Sustainability issues are increasingly gaining importance as fashion industry in particular has been dubbed as one of the most wasteful industries on earth. We need to act rather sooner than later and textile industry as growth model offers plenty of options.
There are many examples proving that industry is moving into the right direction. Furthermore, U.S. rejoining the Paris Climate Agreement will give stimulus and more attention toward environmental issues with probably a greater support for decarbonization, shift to renewables and efforts for circular economy. Rebuilding relationships by the Biden administration with trade partners and coordinated use of investments and trade & tariff policy may also promote decarbonization in major supplying countries. EU single-use plastic ban from this month is another strong signal and highlights EU’s aim to become a forerunner in the global fight against marine litter and plastic pollution.
Investments are noticeable not only in sustainable fiber expansions but also in sustainable manufacturing to reduce greenhouse gas emissions and in recycling capacity additions for pre- and post consumer waste. Subsequently, we will focus on promising fiber investments.
Lyocell, a fiber with excellent wearing comfort, is subject to strong investments. Fibers produced in a closed loop system, recovering and reusing used solvents, significantly minimize the environmental impact of production.
Austrian Lenzing already in 1990s started commercial lyocell production and clearly leads the industry. The company is in the process of constructing a new plant in Thailand with an annual capacity of 100,000 tonnes from its first pro-duction line that is expected to come on-stream end of this year and up to three additional lines would be possible.
The other two large-scale viscose manufacturers, Birla and Sateri, both have lyocell capacity at their disposal by now. Sateri in March announced planning to expand its lyocell production in China to an annual capacity of up to 500,000 tonnes by 2025. Further investments in Turkey and essentially China from smaller producers is also in the pipeline.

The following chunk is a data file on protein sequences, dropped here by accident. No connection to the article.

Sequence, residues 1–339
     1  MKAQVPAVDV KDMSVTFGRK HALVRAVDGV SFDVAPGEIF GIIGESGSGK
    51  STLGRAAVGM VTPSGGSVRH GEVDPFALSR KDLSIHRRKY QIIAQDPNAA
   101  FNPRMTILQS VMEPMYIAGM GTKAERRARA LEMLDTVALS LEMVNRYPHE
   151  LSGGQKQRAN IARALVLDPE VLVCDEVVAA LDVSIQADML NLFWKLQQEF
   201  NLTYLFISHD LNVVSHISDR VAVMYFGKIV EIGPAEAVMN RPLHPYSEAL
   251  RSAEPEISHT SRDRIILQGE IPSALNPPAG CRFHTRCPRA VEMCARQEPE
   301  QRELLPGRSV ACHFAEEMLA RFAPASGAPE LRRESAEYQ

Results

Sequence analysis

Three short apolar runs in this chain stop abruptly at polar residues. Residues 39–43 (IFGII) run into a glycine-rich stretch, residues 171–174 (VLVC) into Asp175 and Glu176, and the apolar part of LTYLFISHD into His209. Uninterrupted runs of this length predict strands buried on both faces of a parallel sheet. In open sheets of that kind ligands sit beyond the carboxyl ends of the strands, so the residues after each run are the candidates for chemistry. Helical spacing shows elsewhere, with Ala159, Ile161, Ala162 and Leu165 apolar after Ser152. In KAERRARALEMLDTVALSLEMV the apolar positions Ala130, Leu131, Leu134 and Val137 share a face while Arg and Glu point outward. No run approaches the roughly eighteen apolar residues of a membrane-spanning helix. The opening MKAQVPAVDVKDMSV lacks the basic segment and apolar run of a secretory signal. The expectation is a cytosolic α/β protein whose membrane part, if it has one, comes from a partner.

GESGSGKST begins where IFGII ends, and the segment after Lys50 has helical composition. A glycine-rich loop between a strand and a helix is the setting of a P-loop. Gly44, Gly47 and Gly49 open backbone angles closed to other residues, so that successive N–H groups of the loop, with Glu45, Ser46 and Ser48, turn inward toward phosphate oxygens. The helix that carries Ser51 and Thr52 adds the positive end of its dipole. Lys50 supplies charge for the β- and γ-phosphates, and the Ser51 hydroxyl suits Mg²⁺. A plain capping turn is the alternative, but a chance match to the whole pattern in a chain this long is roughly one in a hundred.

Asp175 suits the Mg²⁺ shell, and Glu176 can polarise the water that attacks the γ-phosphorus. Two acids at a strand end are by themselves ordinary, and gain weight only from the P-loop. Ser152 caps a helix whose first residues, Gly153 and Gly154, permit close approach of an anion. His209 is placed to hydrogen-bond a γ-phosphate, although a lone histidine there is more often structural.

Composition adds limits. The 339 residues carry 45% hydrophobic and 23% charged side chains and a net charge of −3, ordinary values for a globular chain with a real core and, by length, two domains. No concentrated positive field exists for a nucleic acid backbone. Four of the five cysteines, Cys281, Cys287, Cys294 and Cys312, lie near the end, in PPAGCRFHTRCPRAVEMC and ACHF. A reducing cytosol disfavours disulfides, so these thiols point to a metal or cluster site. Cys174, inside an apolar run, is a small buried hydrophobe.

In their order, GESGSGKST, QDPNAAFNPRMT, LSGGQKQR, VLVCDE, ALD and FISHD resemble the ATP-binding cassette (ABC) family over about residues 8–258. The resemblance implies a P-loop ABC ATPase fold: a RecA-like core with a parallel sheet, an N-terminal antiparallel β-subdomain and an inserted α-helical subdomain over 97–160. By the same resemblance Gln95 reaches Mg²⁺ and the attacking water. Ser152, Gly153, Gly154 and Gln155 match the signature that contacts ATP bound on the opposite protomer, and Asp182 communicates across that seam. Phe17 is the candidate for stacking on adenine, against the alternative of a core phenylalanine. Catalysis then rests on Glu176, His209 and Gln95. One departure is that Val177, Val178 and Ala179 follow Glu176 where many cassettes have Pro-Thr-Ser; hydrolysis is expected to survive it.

There are a number of bio-based fibers such as nylon, polyester or PTT but in terms of market size and dynamics, it seems best to focus on PLA. The following information was kindly provided by nova-Institut, Germany. The focus of nova-Institut is on the transition of the chemical and material industry to renewable carbon. They offer unique support for the transition of businesses into a climate neutral future.
PLA is a dedicated fully bio-based polymer. What is the meaning of “dedicated”? Dedicated bio-based chemicals or polymers are materials which are produced commercially via a dedicated pathway and do not have an identical fossil-based counterpart. As such, they can be used to produce products that cannot be obtained through traditional chemical reactions. Their products may offer unique and superior properties that are unattainable with fossil-based alternatives.
PLA capacity last year expanded by 30% or nearly 100,000 tonnes following investments in Chinese industry and a global capacity level exceeding 0.6 million tonnes is projected for 2025. Two Chinese projects will add another 50,000 tonnes, 75,000 tonnes capacity will come on-stream in Thailand by 2024, 15,000 tonnes increase is expected for the U.S. and a new 100,000 tonnes plant in France is planned to be operational in 2024.